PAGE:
In the Constitutional Commotion of Indiana, •
section has been adopted, "requiring the laws to
be as far u practible, free from all technical terms
La leeM et eater langttagre titan Br glish."
Benton on Ad Valorem'.
In a speech in the Senate, the other day, Mr.
Benton held the following langtiage in regard to
ad valorem duties. It will be remembered that
the ad valorem principle of levying duties is the
distinguishing feature of the present tariff. We
Commend his remarks to the attention of caw loco
"I concur with the Secretary (Corwin) in his
premises in toto, and with a port of his recommen
dations, I concur with him in his opinion that im
portations will diminish, carrying with it a dimi
nution of revenue from customs; that the ad valo
rem system is the parent of frauds and ought to be
abandoned and recourse again had to specific du
ties in all cases in which they are applicable. On
this point I have nothing to confess as gained from
experience. I need no experience to inform me
that universal ad valorems were the most unequal
of duties, and the most fruitful of frauds. I knew
that always, and said it always.
I condemned the same dogma when it was in
troduced in the tariff of 1846; and now, after a
brief experiment of four years, experience con
demns it. I voted for that act; but only to get
rid of the act of 1842, and with the declared be
lief that experience would soon produce a condem
nation of the universal ad valorem dogma, and
force a return to the old system; and such is now
about the fact.
The following paragraph we copy from the Sun•
bury American, a Locofoco paper:
"The Wilkesharre Rolling Mill has recently
been sold by the Sheriff, for $9,000. The mill
cost the owners $45,000 to erect. Like many of
the iron works, it sunk under the ad valorem Tar
iff of 1840. With all these evidences surrounding
us, Dr. Sturgeon, our enlightened Senator, decla
red that our Iron Masters were in a most flour
condition, and some of his equally enlight
ened coadjutors of the Press, re-echoed this spas
modic effort of our brilliant Senator. We trust
our legislature will never again send to Washing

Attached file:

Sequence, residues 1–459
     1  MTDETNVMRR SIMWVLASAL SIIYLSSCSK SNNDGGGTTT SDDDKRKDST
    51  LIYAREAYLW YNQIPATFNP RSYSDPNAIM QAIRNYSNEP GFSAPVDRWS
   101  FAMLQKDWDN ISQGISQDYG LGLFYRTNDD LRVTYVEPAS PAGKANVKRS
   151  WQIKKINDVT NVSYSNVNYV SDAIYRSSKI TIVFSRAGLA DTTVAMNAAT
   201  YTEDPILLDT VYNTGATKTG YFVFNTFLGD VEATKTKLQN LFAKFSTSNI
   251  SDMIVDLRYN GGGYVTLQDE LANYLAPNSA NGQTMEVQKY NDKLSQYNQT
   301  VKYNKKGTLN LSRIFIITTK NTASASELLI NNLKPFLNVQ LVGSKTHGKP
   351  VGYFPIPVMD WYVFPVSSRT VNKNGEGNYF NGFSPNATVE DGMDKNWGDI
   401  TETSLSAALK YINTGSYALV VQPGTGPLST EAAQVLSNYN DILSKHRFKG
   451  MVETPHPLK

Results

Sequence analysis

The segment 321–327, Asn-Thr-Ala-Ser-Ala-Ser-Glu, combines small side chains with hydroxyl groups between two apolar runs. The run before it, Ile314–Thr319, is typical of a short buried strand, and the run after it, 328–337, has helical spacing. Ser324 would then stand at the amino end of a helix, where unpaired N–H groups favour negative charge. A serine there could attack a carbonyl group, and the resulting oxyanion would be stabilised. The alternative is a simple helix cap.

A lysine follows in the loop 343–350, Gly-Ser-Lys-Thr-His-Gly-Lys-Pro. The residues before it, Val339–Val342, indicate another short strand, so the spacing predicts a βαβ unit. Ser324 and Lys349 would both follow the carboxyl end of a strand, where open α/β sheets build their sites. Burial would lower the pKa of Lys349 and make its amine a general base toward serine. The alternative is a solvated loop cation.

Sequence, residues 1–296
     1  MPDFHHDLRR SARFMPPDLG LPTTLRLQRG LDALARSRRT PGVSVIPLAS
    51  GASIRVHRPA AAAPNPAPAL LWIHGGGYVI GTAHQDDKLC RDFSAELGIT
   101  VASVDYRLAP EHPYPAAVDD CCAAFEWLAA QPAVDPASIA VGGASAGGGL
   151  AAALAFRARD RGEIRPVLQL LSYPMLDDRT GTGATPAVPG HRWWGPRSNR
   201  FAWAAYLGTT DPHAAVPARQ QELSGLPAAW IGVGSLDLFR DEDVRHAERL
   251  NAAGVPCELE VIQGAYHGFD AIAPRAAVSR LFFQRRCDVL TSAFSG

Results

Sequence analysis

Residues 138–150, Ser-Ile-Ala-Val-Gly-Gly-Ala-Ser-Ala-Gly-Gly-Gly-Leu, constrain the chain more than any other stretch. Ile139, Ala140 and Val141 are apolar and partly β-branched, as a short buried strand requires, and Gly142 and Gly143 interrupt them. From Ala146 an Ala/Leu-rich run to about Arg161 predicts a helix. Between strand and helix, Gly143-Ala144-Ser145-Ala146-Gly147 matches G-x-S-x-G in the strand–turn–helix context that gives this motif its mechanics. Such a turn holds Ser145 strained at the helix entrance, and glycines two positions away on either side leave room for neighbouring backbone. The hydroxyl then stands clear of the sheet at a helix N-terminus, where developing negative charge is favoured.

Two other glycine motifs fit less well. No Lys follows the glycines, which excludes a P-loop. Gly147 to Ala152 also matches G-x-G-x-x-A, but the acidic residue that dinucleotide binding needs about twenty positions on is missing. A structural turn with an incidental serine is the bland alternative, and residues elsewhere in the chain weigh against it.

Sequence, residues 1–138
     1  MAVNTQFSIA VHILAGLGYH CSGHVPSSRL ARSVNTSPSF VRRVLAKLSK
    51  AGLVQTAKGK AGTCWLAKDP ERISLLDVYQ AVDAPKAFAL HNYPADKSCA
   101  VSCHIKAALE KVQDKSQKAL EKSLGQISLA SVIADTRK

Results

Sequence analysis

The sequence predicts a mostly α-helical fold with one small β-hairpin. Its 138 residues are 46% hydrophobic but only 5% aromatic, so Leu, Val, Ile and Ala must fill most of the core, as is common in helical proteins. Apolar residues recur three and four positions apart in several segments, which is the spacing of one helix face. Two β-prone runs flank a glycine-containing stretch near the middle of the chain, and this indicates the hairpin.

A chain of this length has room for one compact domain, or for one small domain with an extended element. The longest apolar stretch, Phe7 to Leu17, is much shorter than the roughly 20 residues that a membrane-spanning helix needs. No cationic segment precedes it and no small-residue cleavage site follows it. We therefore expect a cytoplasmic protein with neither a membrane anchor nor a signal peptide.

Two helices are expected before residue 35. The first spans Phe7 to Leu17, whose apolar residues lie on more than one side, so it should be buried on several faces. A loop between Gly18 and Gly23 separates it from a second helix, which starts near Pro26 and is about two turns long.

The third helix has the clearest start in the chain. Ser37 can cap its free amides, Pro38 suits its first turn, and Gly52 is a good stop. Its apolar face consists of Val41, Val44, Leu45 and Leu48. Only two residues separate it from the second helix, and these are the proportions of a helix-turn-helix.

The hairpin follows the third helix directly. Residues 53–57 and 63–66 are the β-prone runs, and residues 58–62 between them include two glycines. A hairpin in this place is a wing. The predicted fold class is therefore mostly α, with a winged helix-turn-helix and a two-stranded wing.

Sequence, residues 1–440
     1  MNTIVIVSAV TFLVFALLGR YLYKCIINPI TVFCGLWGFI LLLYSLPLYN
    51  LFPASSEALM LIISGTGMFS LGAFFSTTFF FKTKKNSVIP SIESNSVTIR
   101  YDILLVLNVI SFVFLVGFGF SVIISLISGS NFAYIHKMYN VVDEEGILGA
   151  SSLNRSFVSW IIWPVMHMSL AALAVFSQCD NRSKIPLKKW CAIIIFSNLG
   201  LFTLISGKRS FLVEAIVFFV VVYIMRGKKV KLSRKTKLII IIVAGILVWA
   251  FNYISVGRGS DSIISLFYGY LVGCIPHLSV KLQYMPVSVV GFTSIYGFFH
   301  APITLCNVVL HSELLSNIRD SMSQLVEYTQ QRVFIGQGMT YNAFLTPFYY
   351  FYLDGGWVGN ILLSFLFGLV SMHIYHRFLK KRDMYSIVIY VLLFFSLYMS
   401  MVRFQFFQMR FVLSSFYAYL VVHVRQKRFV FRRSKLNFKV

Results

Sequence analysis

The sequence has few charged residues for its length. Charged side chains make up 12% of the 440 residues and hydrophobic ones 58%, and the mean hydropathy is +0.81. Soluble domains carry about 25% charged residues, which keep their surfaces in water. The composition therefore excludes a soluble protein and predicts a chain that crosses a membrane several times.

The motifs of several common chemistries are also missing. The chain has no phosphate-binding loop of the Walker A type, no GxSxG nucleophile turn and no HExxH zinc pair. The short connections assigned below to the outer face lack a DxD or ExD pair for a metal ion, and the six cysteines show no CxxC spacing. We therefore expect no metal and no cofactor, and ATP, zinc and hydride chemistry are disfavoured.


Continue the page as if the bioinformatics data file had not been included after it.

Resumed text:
ton a Senator, who could thus be made to stul
tify himself to please a few demagogOes, free tra
ders and foreign importers. Pennsylvania de
mands something to protect her great Staple in
terests—her cold and iron, and should never suf
fer a free trader to represent her in Congress."
The Case of Gen. Quitman.
Official information has been received at the
State Department, that Judge Gholson will issue
a warrant of arrest for Gen. Quitman.
No action in the House of Representatives will
therefore take place.
The Legislature of this State has organised.
Mr. Smith, Whig of Will county, has been elect
ed Secretary for the Senate. The other officers
of the Senate are Democrats. In the House
Judge Sidney Breese was elected Speaker. How
land It. Diller of Springfield, formerly of Phila
delphia, was elected clerk. All the officers for
the House are Democrats.
The Legislature of Missouri fixed Thursday,
9th inst., as the time to elect a United States'
Senator, in the place of llon. Thomas H Benton,
whose term expires. Henry V. Geyer, Esq., is
the Whig candidate.
Blass. Election of Governor.
BOSTON, Jail. 11.
The Legislature this morning elected GEO. S.
BOETWELL, dens., Governor of this State, and
HENRY W. CUSHMAN Lieutenant Govenor.
34 votes were thrown for Governor—Boutwell
received all but 2—the same number were thrown
for Lieutenant Governor and Cushman received
all but 5. The rest were blanks.
FEMALE OFFICE-HOLDERS. -There are in the
United States eighty-one women holding the of
fice of postmaster, thirty-one of whom are in
Pennsylvania. Some of these are important offi
ces, especially that of Northumberland, Pa.,
which is a distributing office.
New EA MllO D EN TERPIRISE.-The Beloit
Journal, Wisconsin, states that a project is on
foot to construct a railroad to run from that place
north-west, by the way of Madison, to Fort Win
nebago. The enterprize was started, and is be
ing promoted by many persons of shrewdness and
ANOTHER NEW LIGHT. --A letter in the Jour
nal of Commerce says that a mode of making hy
drogen gas from water, has been discovered at
Paris. The writer gives no account of the pro
cess, but says it is very simple and easier to use
than Mr. PAINE'S. The hydrogen is carbonized
by the use of a burner of platina.
The First Fugitive Slave Law.
The Boston Post has the following bit of politi•
cal history :
"The Fugitive Slave Bill of 1793 was drafted
by George Cabot, of Massachusetts, in November,
it was passed by the Senate on the 18th ofJanua
ry unanimously, fourteen from free and thirteen
from slave States voting for it. The House com
mittee, Theodore Scdgwiek and Sheerjashub
Bourne, of Massachusetts, and Alexander White,
of Virginia, reported the bill to the body, by
which it was passed on the sth of February with
out discussion. Eight Free States were represen
ted by thirty-one votes, six slave States by twen
ty-four votes; tree States majority, seven. The
hill received forty-eight yeas to seven nays.—
Massachusetts gave six yeas to one nay. This
record shows that the free States passed the first
COLOSIZATION.—A proposition is before the
Legislature of Kentucky, to appropriate 65,000
each year, for five years, tc be employed under
the direction of the Kentucky Colonisation socie
ty, in removing the free blacks from that State,
and colonizing them in Africa.
Coy. QUITMAN.-A Washington correspondent
of the Journal of Commerce says that there is a
certainty now of a collision between Gov. Quit